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Chem Senses. 2016 Jun;41(5):457-71. doi: 10.1093/chemse/bjw022. Epub 2016 Mar 14.

Separate functions for responses to oral temperature in thermo-gustatory and trigeminal neurons.

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Department of Biology, The University of Oklahoma, 730 Van Vleet Oval, Norman, OK 73019, USA
Department of Biology, The University of Oklahoma, 730 Van Vleet Oval, Norman, OK 73019, USA.


Oral temperature is a component and modifier of taste perception. Both trigeminal (V) and taste-sensitive cells, including those in the nucleus of the solitary tract (NTS), can respond to oral temperature. However, functional associations in thermal sensitivity between V and gustatory neurons are poorly understood. To study this we recorded electrophysiological responses to oral stimulation with cool (9, 15, 25, 32, and 34 °C) and warm (40 and 45 °C) temperatures from medullary V (n = 45) and taste-sensitive NTS (n = 27) neurons in anesthetized mice. Results showed temperatures below 34 °C activated the majority of V neurons but only a minority of NTS units. V neurons displayed larger responses to cooling and responded to temperatures that poorly stimulated NTS cells. Multivariate analyses revealed different temperatures induced larger differences in responses across V compared with NTS neurons, indicating V pathways possess greater capacity to signal temperature. Conversely, responses to temperature in NTS units associated with gustatory tuning. Further analyses identified two types of cooling-sensitive V neurons oriented toward innocuous or noxious cooling. Multivariate analyses indicated the combined response of these cells afforded distinction among a broad range of cool temperatures, suggesting multiple types of V neurons work together to represent oral cooling.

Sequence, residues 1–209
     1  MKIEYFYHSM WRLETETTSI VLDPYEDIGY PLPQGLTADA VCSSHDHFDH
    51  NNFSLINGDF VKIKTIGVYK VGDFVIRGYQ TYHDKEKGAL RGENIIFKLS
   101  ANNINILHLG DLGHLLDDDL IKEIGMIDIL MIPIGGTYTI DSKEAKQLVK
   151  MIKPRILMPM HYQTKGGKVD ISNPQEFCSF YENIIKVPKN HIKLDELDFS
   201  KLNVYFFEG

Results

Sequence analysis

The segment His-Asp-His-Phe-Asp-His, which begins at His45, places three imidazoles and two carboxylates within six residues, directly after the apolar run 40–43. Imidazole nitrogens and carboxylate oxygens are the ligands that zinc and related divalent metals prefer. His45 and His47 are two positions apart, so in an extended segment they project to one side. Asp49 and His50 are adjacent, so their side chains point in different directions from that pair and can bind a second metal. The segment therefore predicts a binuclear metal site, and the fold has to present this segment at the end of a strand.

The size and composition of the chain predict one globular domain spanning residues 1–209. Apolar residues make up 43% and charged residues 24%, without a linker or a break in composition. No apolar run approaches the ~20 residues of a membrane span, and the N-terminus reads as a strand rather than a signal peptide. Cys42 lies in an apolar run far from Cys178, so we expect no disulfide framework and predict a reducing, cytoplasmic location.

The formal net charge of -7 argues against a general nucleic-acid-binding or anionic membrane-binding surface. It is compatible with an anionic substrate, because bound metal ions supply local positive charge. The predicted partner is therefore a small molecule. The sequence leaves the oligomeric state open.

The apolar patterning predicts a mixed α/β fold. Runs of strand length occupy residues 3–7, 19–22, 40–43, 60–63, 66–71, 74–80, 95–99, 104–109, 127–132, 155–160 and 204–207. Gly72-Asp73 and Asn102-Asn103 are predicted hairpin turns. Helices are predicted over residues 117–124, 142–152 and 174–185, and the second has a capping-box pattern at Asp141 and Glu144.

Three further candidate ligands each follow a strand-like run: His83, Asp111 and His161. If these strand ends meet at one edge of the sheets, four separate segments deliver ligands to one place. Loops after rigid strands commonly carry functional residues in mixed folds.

multisensory; neural coding; nucleus of the solitary tract; taste; temperature; trigeminal

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